How did the myth of “SBS” begin and who are the shocking people behind it who have built careers and profited from the theory? Both are unflinchingly identified. Shaken baby proponents want to silence their critics even as countless lives are ruined.
In a 2009 policy statement, the American Academy of Pediatrics recommended replacing the term shaken-baby syndrome with “abusive head trauma” to avoid the connotation that the mechanism of injury was specifically known for individual cases.
There have been high-profile news reports on the Cable News Network (CNN) and in The New York Times, along with governmental reports such as that by the Swedish Agency for Health Technology Assessment and Assessment of Social Services (SBU), that have discredited the diagnosis of AHT and turned it into a legal controversy
There is much new science with respect to AHT. Without exception, valid and reproducible methods support the commonly held understanding of AHT: that children who present with severe symptoms and who are found to have SDH and RHs are very likely to have been victims of significant trauma
Some pediatricians are trained to determine whether kids’ injuries are accidental. Their assessments can be subjective—but they’re often accepted as fact. And when they’re wrong, parents can needlessly end up in jail.
Society should be rightly shocked by any assault on its weakest members, wrote Guthkelch, who died in 2016. But there have been “instances in which both medical science and the law have gone too far in hypothesizing and criminalizing alleged acts of violence in which the only evidence has been the presence of the classic triad or even just one or two of its elements.”
Doctors come to a diagnosis of abusive head trauma after taking a careful history, examining the child, ordering diagnostic tests, consulting the scientific literature, and, most important, considering and objectively excluding a range of other possible diagnoses.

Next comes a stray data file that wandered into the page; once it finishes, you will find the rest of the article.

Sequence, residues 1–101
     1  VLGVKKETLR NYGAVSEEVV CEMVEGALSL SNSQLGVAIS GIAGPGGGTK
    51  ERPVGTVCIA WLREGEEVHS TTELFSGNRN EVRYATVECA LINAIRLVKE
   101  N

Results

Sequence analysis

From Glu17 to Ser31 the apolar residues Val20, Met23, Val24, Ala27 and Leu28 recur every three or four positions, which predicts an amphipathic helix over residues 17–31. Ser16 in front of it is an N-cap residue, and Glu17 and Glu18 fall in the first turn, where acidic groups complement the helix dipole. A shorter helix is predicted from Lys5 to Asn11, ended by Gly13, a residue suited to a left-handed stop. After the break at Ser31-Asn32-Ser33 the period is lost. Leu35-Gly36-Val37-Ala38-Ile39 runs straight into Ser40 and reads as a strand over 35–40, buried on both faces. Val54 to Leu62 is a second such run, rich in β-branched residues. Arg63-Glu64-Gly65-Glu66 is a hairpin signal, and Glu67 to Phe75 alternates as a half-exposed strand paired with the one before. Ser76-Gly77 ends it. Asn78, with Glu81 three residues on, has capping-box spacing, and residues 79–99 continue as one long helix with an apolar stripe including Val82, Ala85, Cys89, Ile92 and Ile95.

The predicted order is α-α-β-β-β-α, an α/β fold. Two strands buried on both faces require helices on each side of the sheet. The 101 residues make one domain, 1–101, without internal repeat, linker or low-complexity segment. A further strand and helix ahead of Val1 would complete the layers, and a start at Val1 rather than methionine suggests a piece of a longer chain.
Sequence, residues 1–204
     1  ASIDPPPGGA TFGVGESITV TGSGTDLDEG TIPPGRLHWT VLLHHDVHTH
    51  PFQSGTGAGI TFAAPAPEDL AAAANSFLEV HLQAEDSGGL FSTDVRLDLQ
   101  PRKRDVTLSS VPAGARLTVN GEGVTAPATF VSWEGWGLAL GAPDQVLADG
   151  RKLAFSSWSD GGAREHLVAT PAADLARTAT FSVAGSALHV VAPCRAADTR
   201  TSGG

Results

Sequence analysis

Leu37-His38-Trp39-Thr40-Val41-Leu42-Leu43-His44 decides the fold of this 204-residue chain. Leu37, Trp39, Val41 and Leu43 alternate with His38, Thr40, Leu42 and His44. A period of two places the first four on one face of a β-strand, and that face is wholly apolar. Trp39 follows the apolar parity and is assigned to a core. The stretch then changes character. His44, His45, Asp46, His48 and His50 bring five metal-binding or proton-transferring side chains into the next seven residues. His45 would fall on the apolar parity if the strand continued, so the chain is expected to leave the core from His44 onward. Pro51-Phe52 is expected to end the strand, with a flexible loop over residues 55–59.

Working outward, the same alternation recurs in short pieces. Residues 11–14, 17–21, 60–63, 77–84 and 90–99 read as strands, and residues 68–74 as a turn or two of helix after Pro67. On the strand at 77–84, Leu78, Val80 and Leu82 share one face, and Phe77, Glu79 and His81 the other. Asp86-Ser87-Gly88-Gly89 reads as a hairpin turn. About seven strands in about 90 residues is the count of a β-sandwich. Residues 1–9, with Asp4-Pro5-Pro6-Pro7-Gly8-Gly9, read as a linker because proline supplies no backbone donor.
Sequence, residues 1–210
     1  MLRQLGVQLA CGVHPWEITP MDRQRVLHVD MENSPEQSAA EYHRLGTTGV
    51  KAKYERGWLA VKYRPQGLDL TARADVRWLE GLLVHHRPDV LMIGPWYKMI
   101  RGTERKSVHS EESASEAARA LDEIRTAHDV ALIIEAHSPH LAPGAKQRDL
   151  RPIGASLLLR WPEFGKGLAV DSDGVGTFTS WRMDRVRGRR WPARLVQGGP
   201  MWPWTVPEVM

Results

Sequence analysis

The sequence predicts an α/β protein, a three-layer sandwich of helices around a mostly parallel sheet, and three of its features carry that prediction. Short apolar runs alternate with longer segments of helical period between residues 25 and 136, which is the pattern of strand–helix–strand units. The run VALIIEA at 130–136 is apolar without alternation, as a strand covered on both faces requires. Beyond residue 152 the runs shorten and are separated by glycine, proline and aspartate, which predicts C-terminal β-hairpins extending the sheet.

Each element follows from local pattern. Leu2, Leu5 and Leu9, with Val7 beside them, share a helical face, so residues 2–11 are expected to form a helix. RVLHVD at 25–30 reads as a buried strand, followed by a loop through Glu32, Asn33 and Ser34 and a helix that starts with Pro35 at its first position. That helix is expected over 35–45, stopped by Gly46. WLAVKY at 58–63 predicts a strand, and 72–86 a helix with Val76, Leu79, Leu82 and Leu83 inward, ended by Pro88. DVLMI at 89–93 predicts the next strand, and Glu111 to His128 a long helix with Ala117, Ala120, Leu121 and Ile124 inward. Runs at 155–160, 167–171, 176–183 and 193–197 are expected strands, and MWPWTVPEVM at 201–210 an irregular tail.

For decades, shaken baby syndrome has been, in essence, a medical diagnosis of murder. But going forward, prosecutors, judges and juries should exercise greater skepticism. The triad of symptoms alone cannot prove beyond a reasonable doubt that an infant has been fatally shaken.
A review has determined that a trio of head injuries that have played a crucial role in securing convictions in court aren’t always evidence of child abuse.
For years, attorneys have relied on a specific set of symptoms to prove infant abuse—but now, some physicians are questioning the validity of the diagnosis of shaken-baby syndrome that has sent many caretakers to prison.
Since the 1980s, there has been a steady climb in convictions for SBS, sometimes referred to as abusive head trauma
For years, cases involving shaken-baby syndrome were often open-and-shut — with the last person to care for the child labeled the abuser. But Slate editor Emily Bazelon reports that a growing number of doctors say the syndrome could have alternate explanations.
The dispute over shaken baby syndrome is a bitter civil war. On one side, doctors, lawyers and other experts say the diagnosis is key to winning convictions of people accused of the most horrible acts of child abuse. Opponents say the diagnosis is used too freely and that sometimes, innocent people go to prison.